Are you happier here than in the NFL? "I'm happy. I don't know if I'm happier -- I'm happy ... I don't have some boss standing over me just making me feel like I'm the dumbest guy in the world. I get to see kids that look at me and go, 'Coach, coach me today.' I don't know if it gets better than that. Coaching is great profession when you have great kids. We happen to have great kids here, and it's a great school, so how could you not be happy?
"Now, winning is the most important thing. Bottom line. Bottom line is winning, and we know that's what our job is. That's the next part of it."
Al Borges thinks comparing me to Tim is an insult to Tim.
How's the RB battle shaping up? "We'll probably take it all the way up to the game. They are competing. They're going hard at the starting positions. It's kind of fun to watch. They know it's pending. they're working hard, both of them."
Will the starter get 20+ carries? "If he's hot, (if) he's rolling -- we're going to spell guys one way or the other because we're gonna do that anyway. But if he's feeling it, and we're gaining yards, we'll give him a chance to gain a little momentum."
Will RB competition continue through Saturday? "Absolutely. Sometimes you don't know until you play. The lights go on, and guys are tested. Are they going to hold onto the ball? are they gonna beat people in the open field or break tackles? Sometimes you get a completely different animal when it's gametime. Sometimes it's good, and sometimes it's bad."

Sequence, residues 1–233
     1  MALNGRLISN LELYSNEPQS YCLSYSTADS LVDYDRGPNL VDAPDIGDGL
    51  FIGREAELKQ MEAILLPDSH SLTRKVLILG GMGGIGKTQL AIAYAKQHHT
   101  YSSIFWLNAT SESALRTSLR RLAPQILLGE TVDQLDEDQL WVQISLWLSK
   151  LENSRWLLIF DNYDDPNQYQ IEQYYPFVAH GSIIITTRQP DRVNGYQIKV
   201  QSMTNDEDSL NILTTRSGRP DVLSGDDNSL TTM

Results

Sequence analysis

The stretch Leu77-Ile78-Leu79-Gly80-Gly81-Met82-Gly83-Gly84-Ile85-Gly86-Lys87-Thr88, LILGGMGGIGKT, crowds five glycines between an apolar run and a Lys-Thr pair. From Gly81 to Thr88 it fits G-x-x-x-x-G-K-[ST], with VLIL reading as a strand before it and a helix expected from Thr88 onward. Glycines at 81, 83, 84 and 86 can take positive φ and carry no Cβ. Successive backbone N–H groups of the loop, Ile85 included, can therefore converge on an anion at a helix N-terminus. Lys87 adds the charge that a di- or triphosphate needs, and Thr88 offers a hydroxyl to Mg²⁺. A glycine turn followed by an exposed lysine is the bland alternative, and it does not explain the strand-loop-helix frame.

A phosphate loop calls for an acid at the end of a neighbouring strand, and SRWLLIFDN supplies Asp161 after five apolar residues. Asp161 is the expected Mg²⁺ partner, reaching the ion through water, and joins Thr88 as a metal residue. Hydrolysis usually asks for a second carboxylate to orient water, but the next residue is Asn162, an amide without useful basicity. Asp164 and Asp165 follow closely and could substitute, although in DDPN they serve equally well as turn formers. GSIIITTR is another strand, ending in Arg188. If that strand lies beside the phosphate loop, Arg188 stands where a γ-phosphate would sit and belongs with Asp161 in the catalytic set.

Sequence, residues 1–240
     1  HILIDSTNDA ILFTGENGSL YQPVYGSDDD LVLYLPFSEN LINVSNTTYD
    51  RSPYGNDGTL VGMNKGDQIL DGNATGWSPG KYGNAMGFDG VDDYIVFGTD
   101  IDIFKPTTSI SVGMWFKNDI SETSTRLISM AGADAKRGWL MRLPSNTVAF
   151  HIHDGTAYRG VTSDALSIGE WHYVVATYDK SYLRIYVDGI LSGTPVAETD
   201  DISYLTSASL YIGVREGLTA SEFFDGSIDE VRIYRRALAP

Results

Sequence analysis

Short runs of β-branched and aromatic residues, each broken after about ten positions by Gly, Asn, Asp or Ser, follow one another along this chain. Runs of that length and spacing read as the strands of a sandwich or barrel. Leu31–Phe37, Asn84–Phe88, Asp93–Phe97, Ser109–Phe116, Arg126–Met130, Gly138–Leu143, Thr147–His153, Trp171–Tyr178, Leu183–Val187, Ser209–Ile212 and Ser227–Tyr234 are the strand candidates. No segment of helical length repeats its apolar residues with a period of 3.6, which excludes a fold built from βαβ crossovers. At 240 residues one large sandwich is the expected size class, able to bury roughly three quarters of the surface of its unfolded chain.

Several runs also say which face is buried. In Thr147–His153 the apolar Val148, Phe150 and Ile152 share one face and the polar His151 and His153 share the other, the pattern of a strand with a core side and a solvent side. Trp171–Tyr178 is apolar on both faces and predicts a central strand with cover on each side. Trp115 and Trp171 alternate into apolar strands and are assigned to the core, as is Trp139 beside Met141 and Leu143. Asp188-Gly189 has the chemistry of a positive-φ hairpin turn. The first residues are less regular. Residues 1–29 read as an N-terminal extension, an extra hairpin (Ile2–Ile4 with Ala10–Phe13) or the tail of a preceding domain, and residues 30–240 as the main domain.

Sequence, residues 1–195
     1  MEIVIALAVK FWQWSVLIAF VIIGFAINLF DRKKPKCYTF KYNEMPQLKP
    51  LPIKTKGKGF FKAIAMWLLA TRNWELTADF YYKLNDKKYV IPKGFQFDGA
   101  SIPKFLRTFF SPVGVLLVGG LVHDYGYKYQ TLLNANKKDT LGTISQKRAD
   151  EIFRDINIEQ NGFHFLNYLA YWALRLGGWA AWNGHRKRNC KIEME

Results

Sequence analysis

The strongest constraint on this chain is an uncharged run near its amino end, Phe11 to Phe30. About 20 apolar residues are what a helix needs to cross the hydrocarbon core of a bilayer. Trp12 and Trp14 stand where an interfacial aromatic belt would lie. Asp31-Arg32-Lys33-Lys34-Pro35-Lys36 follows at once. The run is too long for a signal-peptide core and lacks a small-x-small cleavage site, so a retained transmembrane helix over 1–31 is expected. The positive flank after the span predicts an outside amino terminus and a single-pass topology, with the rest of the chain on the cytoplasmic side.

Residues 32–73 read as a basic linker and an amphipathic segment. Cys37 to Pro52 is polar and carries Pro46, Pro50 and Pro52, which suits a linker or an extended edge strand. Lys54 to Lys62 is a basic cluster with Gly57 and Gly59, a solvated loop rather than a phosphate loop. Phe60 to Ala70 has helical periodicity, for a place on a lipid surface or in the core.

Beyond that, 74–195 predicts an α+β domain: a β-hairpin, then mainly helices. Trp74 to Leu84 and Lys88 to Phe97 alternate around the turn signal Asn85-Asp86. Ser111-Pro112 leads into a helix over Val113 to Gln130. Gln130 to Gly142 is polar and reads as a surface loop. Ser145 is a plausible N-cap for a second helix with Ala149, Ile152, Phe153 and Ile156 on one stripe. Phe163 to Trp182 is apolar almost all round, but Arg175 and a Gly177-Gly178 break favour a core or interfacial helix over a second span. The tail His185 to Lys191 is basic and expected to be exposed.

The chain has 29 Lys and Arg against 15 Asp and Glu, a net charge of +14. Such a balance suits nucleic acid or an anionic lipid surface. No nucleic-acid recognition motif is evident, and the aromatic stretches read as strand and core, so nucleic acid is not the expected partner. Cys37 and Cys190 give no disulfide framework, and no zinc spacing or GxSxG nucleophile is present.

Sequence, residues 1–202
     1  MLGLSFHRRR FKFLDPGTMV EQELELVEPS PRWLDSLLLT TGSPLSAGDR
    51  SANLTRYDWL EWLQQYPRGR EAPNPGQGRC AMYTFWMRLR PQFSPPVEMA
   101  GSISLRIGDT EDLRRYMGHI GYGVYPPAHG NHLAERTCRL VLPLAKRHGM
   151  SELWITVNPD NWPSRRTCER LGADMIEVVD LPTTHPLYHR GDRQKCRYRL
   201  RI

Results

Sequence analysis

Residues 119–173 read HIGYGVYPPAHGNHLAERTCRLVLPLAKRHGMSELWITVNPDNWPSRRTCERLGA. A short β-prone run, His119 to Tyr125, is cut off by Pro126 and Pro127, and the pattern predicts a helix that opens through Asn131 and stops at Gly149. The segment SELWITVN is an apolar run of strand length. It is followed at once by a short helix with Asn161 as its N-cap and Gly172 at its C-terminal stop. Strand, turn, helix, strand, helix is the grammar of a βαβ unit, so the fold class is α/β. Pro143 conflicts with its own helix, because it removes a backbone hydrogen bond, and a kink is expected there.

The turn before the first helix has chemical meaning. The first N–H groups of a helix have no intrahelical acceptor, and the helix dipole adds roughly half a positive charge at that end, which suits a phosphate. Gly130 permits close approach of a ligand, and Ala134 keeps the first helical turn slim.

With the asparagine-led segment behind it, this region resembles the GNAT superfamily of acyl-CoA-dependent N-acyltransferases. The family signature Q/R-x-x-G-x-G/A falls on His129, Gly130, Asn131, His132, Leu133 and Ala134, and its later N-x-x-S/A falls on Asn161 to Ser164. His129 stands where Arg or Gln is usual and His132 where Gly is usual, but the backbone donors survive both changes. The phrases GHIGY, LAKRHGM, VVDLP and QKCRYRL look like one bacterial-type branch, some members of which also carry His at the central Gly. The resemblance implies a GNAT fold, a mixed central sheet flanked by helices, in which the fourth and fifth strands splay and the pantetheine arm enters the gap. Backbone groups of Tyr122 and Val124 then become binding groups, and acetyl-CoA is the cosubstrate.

Will you give other guys carries or will it just Fitz and Shaw, and then the 3rd down guy? "Yeah I think that's pretty accurate. You never know based on who could go down. Other guys could get involved, but I'm just not a big running-back-by-committee kind of guy. In my experience as coordinator, for the most part, we used the second back more to spell the primary back than we did to actually play two or three series at a time."
Do you tweak the playbook more as Denard develops? "I want to see, in spring football, how much we can run of our offense, the offense that I've run for the last 20 some odd years. Once you get a feel for how much of that he can do ... you incorporate what you can do in your own offense, and meld it with what he's capable of doing or what you've seen him do. Hopefully you come up with a delicate balance that allows you to get under center and run a power game or get in the shotgun and run the spread. Whatever fits. Yes, there has been some tweaking going on since spring football, and there continues to be."